The ultra sharp foot pegs on Justin’s bike are made in house at JGR. Completely titanium and mounted to a stock Suzuki foot peg mount. The foot pegs have the ability to be changed in height or position on the bike for rider preference. This is one area where Justin Hill and Chad Reed differ. Justin does run a larger boot and prefers his pegs to sit further back. We did notice that the thickness between Justin and Chad’s pegs were also different.

The swing arm pivot is a titanium pivot with aluminum nut.

A stock Suzuki sub frame is used but lowered for Justin so he has more room between his legs in the whoops.

The chain rollers and chain slider are a stock Suzuki piece. On the rear a JGR guide is used. The guide is longer and prevents from the chain being derailed in a rut or on other obstacles. This one of the many pieces that are available to the public for sale on their website.

 

A DID chain and Pro Taper sprockets are used on Justin’s bike. Justin is very particular with his sprockets. Currently he is running a 50 tooth.  The rear wheel position is different from Chad Reed and Justin. Justin is running his wheel much further toward the front in comparison to Chad.

The real axle is a stock Suzuki piece with Factory Suzuki Japan axle blocks and axle nut.

Out back you will find a Factory Suzuki rear hub/spokes, Excel hoop, and 120 Dunlop rear tire. Chad Reed and several other 450 riders have gone to a 110 rear tire. Looking closer at the Guts seat you will find that the team has made their own bracket that is reinforced and made out of titanium for more durability.

Complete rear brake set up is all Factory Suzuki Japan. Rotors, master cylinder, brake pads etc is all factory.

The rear brake pedal is made at JGR with a factory titanium brake tip.

A factory rear master cylinder is used on Justin’s bike. The window is placed behind to keep it from being damaged by debris or other motorcycles.

On the rear brake pedal the spring is mounted in a different position to get it out of the way and make things easier to access and remove if needed. The cleavace on Justin’s bike is also a Factory Suzuki Japan piece.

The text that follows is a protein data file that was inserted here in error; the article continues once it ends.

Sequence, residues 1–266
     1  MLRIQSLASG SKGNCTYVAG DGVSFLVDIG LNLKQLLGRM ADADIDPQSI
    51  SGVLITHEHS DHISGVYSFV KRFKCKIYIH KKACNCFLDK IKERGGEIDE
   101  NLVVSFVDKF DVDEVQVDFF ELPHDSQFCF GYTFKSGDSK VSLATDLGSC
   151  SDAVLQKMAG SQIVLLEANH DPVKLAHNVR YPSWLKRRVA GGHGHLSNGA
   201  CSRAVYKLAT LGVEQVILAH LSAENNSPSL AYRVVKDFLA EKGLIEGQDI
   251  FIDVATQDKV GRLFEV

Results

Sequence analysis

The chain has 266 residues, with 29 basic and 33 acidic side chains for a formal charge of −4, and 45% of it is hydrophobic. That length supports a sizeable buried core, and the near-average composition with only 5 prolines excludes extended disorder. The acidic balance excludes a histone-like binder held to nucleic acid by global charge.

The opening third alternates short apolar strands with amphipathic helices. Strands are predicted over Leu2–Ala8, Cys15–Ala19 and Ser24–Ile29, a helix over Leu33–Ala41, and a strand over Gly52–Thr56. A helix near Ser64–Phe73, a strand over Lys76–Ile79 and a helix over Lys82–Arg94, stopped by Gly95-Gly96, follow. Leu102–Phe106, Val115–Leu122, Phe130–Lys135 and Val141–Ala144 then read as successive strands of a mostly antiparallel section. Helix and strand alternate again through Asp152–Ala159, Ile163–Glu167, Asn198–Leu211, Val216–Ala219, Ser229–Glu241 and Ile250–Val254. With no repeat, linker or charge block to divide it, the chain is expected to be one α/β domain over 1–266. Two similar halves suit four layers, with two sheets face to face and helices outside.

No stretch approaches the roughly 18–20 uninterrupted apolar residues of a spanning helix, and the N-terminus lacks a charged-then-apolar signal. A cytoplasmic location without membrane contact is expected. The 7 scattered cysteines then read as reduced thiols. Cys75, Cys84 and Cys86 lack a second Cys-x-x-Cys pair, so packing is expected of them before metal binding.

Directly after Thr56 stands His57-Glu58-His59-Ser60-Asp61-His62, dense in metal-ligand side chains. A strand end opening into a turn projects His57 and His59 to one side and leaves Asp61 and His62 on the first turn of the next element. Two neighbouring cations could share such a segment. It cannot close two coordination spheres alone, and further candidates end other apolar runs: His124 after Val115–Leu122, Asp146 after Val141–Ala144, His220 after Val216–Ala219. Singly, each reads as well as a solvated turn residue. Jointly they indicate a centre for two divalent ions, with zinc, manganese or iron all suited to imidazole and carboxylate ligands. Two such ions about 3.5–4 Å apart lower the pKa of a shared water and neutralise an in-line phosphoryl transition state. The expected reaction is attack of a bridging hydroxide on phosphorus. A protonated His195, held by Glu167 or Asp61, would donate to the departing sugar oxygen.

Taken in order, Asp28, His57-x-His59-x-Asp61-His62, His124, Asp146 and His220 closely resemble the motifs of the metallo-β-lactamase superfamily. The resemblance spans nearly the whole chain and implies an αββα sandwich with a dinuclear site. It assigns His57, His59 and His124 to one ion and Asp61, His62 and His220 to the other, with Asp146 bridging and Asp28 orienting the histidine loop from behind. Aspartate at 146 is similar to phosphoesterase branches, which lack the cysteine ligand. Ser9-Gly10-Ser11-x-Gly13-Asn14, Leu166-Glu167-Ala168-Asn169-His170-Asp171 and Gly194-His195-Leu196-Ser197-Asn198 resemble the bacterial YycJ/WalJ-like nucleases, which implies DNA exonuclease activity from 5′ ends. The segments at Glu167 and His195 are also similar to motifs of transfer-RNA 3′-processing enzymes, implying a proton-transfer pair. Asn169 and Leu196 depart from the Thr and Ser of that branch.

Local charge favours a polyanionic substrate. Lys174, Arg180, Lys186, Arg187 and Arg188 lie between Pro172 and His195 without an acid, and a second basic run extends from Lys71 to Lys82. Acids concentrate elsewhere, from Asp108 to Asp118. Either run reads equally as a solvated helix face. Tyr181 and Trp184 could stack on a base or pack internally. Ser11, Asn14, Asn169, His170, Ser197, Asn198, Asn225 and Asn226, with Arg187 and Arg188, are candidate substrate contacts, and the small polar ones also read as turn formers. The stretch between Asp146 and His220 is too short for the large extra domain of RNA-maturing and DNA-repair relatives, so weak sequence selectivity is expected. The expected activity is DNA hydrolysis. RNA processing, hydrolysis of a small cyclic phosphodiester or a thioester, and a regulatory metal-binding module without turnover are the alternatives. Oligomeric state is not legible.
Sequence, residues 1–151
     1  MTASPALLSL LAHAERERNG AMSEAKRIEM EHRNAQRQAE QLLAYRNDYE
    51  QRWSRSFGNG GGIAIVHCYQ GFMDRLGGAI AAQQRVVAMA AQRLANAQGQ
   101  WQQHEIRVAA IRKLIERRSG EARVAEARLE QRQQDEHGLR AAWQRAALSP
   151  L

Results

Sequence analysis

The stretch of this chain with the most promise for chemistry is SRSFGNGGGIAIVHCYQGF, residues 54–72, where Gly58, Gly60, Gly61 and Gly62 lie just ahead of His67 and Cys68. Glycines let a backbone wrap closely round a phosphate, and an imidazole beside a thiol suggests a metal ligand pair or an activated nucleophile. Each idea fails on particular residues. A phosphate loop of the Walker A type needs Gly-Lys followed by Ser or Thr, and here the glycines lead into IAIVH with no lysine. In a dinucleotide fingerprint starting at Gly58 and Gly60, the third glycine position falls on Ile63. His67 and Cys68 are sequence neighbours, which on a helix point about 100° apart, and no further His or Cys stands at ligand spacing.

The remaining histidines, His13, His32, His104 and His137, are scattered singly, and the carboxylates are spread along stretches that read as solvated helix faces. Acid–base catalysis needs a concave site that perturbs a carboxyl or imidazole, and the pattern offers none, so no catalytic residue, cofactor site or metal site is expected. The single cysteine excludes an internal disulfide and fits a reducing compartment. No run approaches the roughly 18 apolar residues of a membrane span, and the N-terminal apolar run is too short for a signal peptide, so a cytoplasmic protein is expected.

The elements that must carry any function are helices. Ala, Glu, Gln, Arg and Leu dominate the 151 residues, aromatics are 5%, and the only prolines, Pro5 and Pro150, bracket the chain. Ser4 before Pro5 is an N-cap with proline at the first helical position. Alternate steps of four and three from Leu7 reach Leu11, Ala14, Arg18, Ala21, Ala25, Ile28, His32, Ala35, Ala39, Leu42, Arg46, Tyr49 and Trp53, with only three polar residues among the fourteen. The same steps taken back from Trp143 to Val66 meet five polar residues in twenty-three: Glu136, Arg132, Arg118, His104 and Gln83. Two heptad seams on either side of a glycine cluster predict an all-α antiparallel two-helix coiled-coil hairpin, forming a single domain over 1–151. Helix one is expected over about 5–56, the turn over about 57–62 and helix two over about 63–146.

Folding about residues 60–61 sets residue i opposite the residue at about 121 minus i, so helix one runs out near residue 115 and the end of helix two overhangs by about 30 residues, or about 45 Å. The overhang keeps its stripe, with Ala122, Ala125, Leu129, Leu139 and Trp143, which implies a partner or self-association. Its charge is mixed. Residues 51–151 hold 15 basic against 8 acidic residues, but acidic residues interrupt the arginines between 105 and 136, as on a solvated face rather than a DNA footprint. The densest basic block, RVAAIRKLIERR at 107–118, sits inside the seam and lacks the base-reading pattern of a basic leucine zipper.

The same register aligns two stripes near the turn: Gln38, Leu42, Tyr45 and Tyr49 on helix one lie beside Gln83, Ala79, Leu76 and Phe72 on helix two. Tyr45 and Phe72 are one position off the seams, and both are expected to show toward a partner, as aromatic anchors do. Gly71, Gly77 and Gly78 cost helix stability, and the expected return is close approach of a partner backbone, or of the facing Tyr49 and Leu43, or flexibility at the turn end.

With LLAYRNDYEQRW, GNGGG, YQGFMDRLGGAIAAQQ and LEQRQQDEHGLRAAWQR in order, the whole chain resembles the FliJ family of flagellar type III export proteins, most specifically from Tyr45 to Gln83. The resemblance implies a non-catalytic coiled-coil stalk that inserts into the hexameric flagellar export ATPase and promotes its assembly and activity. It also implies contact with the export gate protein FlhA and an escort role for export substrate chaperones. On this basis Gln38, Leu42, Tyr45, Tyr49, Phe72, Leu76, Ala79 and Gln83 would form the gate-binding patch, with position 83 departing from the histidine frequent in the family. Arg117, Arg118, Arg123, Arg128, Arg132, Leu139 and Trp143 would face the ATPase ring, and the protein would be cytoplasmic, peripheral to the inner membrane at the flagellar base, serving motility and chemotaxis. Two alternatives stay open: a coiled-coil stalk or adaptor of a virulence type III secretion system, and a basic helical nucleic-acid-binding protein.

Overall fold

You will notice on the piston for the rear brake is a gold color. It is a titanium piece and holes are drilled into it for heat displacement.. This also helps with durability purposes.

A complete Yoshimura Titanium exhaust system is used on the entire JGR team. The exhaust is tailored to each bike and can be changed upon request.

On the OEM Suzuki RMZ450 you will find the BFRC shock. On Justin’s you will find a Factory Showa shock top to bottom.

The JGR linkage system is made in house at JGR and is available for purchase. There isn’t anything too crazy on length or material that Justin uses.

The opposite side of Justin’s race bike featuring Hinson clutches, Yoshimura exhaust, grip tape on the frame, and a boat load of titanium. Like a lot of the factory teams, Justin runs a brake snake on his bike to prevent the tip from being ripped off or bending. This also keeps from material getting trapped between the clutch cover and the brake arm itself. Justin is the easiest rider that Brad has worked with as far as clutches are concerned. He is extremely mellow on the clutch and does not ride hard on them. The water pump covers are also a Factory Suzuki Japan piece.

An 02 sensor or “O2 Bung” is located on the Yoshimura exhaust header. This is a data acquisition piece. This helps the team gather information on the motorcycle to better fine tune the Factory Suzuki ECU for their fuel map.

The little entry port next to the front shrouds is for data acquisition. The team can connect their computers to this port and get readings like water temperature, engine temperature, air, etc. This is used more for safety than anything else. Fixing a problem before its a real problem can keep the bike racing and the rider safe. Behind the shroud you will also see a fan system for extra cooling. It is a similar set up that the team uses for outdoors. The fan was placed on the bikes for this weekend specifically for the mud and rain.

To protect the engine even more, the team uses a full coverage skid plate that is carbon fiber and does have holes in it for weight as well as helping with air flow.

Armored Graphics provides all the decals for the team and is close to the team in North Carolina. This helps with getting things changed on the fly and working on new designs. UFO is a new team sponsor this season and provides all the plastics to the team.